Andrew Miller, Coco Crisp Deliver Again For Indians
Andrew Miller was the ALCS MVP (Photo by Diamond Images) CHICAGO—One was acquired in a blockbuster trade, one in a deal that went virtually unnoticed. But Coco Crisp and Andrew Miller are playing important roles again and again in the postseason for the Indians.
Crisp, acquired from the Athletics on Aug. 31—after he passed through waivers unclaimed—in exchange for 31-year old minor league righthander Colt Hynes, delivered a pinch-hit RBI single in the top of the seventh inning to break a scoreless tie and lift the Indians to a 1-0 victory over the Cubs on Friday night in Game Three of the World Series, spoiling Chicago’s first Fall Classic contest at Wrigley Field since 1945.
Crisp’s knock put the Indians up 2-1 in the best-of-seven series and came as a pinch-hitter for Miller, who earned the win after delivering yet another scoreless outing in the postseason, this time 1 1/3 frames with three strikeouts.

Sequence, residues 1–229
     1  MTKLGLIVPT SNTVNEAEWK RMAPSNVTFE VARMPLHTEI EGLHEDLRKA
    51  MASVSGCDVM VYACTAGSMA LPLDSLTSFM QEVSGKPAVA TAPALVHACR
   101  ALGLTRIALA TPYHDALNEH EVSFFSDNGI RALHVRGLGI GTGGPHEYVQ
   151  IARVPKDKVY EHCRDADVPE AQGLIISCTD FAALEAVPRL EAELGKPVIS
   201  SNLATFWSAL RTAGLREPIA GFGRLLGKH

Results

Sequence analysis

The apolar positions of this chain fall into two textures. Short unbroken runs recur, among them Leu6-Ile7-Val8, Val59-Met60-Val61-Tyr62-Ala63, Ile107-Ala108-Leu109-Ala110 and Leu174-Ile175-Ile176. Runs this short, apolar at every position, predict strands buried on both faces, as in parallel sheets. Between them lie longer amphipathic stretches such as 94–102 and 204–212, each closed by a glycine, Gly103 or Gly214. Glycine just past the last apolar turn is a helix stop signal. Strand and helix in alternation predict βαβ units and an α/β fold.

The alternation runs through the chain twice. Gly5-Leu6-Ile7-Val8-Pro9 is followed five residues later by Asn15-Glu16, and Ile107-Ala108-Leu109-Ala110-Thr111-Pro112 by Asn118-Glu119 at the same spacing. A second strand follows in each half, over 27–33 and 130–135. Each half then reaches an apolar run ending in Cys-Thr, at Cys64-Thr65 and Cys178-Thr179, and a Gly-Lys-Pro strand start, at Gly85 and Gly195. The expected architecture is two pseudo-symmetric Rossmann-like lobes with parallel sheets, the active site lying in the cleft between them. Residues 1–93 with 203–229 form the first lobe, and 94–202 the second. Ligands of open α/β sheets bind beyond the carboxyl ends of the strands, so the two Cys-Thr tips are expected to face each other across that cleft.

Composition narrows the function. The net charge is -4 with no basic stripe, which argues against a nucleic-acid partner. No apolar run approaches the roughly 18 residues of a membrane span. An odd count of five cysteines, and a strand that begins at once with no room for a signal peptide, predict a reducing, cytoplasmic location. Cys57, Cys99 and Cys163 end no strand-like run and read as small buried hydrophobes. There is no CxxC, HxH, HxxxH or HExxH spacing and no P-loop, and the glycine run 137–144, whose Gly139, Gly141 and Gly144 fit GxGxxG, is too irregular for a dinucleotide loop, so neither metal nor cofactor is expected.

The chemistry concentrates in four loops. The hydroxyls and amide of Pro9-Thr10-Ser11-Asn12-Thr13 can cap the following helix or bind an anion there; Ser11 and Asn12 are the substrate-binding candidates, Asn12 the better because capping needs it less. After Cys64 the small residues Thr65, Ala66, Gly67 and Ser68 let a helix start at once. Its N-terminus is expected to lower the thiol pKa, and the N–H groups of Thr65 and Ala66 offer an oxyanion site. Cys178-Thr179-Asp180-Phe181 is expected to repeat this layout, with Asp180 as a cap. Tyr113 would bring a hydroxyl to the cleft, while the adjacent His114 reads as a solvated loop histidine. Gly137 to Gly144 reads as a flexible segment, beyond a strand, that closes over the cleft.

"It obviously feels good,” Crisp said. "No matter if you get the big hit or get the bunt down you want to do something that could possibly help the team and fortunately for me today it was the hit."
It was the latest in a series of big postseason hits for Crisp. The veteran outfielder delivered a key two-run homer in the clinching Game 3 of the ALDS in Boston. He hit a backbreaking solo home run in the clinching Game 5 of the ALCS in Toronto.
And his latest, a first-pitch line drive off Carl Edwards Jr. into right field to score pinch-runner Michael Martinez from third base, was just his fourth hit in 24 plate appearances this postseason, but all have come at the right time.